Legal battle between state and collector over a Leonardo drawing in France

A fierce legal battle has broken out in France between the state and a collector around a drawing by Leonardo: the collector would like to sell it to a foreigner, but the state denies permission to export the work.

A battle is raging in France around the sale of a pen drawing by Leonardo da Vinci (Vinci, 1452 - Amboise, 1519): one that pits the work’s owner (a certain “Jean B.,” AFP news agency reports) against the French Ministry of Culture. In October, a Paris court will rule on the work’s fate, deciding whether Leonardo’s Saint Sebastian can leave France to be purchased by a foreign buyer. Jean B. (who specifically asked the press not to be named by his full last name) is an 80-year-old man who, as he let AFP know, received the drawing as a gift from his father in 1959 (neither of them knew it was by Leonardo), after passing a medical exam that had opened the doors to his profession (the man is in fact a retired doctor). However, as he always told the agency, he was more interested in rock music than art at the time, and consequently put the paper aside, forgetting about it for more than half a century.

He would find it again in 2016, during a move, and decided to show it to the Tajan auction house to get an appraisal. At the time it was examined by Thaddée Prate, head of Tajan’s Old Masters department, who advanced an estimate of 20-30,000 euros. However, another expert, Patrick de Bayser, attributed the drawing to Leonardo da Vinci shortly thereafter, and the attribution was later confirmed by Carmen Bambach, a leading scholar and specialist on Leonardo’s drawings (“the attribution is almost incontestable,” she had reported to the New York Times in December 2016: “what we are dealing with is an easy case. An exciting discovery.”) According to Bambach, the drawing dates to a period between 1482 and 1485, during Leonardo’s early years in Milan, at the time of the creation of the Virgin of the Rocks.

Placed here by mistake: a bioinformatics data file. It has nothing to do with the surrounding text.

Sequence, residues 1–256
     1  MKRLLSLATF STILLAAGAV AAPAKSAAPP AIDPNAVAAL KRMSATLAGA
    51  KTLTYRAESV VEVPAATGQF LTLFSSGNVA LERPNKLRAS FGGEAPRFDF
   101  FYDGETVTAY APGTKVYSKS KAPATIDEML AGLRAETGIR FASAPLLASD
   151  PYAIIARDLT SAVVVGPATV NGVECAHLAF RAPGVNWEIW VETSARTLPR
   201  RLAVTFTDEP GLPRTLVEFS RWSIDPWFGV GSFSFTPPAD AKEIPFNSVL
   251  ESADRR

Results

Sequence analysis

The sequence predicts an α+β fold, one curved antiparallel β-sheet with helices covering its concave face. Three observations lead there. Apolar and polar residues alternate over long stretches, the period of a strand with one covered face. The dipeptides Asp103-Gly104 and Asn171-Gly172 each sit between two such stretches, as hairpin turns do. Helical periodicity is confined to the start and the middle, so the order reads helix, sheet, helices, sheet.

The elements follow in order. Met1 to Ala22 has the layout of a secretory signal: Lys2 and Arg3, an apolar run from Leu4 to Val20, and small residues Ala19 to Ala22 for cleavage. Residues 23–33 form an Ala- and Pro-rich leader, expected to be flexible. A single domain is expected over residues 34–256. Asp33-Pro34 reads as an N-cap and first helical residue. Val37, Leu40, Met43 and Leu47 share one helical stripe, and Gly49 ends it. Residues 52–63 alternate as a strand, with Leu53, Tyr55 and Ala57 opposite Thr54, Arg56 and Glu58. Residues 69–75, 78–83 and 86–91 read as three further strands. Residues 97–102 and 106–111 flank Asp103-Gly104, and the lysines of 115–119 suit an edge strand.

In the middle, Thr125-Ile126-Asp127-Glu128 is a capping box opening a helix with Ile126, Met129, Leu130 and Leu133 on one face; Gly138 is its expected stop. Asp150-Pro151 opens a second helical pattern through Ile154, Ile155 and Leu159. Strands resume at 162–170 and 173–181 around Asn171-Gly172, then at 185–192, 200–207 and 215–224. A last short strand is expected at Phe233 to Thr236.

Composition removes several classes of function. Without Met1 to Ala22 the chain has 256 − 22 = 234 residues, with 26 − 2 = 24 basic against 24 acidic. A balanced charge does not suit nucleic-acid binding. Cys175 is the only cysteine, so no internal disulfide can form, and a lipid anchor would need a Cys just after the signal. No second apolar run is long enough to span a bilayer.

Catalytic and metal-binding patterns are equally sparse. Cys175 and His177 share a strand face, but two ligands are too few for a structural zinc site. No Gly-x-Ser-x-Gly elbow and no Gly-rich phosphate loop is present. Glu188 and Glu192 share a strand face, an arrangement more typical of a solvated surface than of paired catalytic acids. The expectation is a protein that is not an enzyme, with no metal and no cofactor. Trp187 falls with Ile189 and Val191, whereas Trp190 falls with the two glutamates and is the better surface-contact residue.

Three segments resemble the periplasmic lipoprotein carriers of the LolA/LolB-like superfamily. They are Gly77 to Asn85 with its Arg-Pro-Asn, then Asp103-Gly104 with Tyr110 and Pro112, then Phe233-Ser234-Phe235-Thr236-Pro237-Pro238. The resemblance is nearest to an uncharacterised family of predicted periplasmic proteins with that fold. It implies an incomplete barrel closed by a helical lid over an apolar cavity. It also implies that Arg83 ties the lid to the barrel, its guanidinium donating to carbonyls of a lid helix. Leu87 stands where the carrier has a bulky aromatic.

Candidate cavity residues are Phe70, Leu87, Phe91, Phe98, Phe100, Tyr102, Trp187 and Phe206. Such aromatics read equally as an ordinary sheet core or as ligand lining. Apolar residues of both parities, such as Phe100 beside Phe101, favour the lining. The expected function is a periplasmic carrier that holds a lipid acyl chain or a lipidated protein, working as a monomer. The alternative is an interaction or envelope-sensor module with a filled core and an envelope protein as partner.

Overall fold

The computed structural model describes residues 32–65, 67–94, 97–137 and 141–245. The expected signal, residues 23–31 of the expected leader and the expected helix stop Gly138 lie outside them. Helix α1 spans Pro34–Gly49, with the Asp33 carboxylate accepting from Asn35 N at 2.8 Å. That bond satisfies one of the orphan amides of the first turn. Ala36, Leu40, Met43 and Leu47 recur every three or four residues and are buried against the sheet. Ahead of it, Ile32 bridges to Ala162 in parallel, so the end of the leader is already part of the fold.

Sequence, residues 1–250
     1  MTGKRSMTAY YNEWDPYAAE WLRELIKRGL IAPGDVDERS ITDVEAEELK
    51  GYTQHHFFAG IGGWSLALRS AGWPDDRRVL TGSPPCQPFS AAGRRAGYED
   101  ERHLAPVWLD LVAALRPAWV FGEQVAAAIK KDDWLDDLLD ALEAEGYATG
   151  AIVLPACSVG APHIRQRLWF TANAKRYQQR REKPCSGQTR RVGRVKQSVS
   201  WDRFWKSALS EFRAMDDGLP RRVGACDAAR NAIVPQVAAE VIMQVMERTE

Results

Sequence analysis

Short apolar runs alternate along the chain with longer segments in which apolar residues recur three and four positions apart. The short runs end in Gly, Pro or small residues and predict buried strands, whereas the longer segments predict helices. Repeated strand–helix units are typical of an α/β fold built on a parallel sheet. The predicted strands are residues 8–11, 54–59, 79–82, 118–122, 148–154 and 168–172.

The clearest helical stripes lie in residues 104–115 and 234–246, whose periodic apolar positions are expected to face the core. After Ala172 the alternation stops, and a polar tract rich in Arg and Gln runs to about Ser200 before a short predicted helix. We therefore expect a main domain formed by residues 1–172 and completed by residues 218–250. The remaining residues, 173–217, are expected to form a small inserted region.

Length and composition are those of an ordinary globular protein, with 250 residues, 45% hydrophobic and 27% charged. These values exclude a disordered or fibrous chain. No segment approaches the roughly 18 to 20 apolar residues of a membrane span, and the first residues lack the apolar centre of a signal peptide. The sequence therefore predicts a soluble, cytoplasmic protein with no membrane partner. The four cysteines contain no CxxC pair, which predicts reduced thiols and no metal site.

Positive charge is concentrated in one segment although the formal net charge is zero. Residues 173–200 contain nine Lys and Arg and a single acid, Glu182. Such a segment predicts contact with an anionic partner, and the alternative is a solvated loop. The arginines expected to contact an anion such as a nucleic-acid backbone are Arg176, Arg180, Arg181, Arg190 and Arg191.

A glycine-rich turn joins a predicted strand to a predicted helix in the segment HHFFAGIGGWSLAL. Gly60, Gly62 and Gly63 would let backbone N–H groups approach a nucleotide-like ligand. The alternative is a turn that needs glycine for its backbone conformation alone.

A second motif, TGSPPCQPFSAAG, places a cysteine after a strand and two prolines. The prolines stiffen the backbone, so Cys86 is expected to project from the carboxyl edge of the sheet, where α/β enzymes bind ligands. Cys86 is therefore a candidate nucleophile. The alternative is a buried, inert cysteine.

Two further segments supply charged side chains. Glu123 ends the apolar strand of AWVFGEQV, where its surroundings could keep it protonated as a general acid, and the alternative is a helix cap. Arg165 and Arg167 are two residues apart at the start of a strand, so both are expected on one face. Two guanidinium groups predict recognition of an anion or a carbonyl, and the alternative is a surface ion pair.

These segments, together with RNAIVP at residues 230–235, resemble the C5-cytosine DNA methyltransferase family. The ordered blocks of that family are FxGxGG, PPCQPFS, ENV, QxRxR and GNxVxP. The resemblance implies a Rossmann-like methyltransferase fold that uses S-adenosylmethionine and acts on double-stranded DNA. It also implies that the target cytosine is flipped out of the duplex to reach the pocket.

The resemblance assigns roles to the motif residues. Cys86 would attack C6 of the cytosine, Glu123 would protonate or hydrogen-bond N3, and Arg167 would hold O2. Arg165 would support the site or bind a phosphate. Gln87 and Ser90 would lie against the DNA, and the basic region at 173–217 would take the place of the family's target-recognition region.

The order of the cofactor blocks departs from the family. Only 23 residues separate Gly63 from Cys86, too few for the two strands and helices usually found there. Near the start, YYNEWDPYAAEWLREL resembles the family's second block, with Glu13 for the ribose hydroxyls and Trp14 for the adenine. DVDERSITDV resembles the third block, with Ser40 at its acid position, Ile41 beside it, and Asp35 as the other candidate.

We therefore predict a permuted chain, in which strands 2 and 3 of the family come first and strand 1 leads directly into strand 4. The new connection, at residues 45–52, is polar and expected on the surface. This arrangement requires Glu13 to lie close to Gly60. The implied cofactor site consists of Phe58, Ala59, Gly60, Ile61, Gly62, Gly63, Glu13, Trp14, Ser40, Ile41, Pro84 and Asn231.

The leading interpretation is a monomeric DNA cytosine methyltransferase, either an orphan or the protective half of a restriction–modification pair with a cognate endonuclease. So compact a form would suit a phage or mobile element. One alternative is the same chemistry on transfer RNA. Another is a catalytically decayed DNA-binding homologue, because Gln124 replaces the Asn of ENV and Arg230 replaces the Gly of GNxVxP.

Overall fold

The value of the drawing has thus risen sharply, reaching an estimate of between 8 and 12 million euros. And because the discovery of a new drawing by Leonardo is a truly exceptional event, the French state declared the drawing a “national treasure” (the homologue of the constraint of cultural interest in Italy), thus giving itself the 30-month statutory time to exercise the right of first refusal in order to purchase it and allocate it to the Louvre. The state offered Jean B. the sum of 10 million euros, but following a new estimate (15 million), the collector refused, and applied for an export permit in order to sell the work to a foreign buyer. The ministry, for its part, denied permission, and now the collector has decided to take Culture Minister Roselyne Bachleot and the deputy director of ministerial collections, Claire Chastanier, to court with the aim of succeeding in obtaining the export license.

According to Jean B.’s lawyer Olivier Baratelli, the export denial is unjustified. “A ministry of culture worthy of its name,” he told AFP, “would have made sure that the French state bought the drawing.” And that’s not all: the collector is in fact also fighting on another front, against the auction house Tajan. Jean B. has in fact revoked the auction house’s mandate, which in turn has sued the collector for breach of contract, asking him to compensate the company for the work done on his behalf (Tajan claims in fact that the drawing was discovered, authenticated and certified thanks to the auction house’s work).

Pictured is the drawing

Legal battle between state and collector over a Leonardo drawing in France
Legal battle between state and collector over a Leonardo drawing in France

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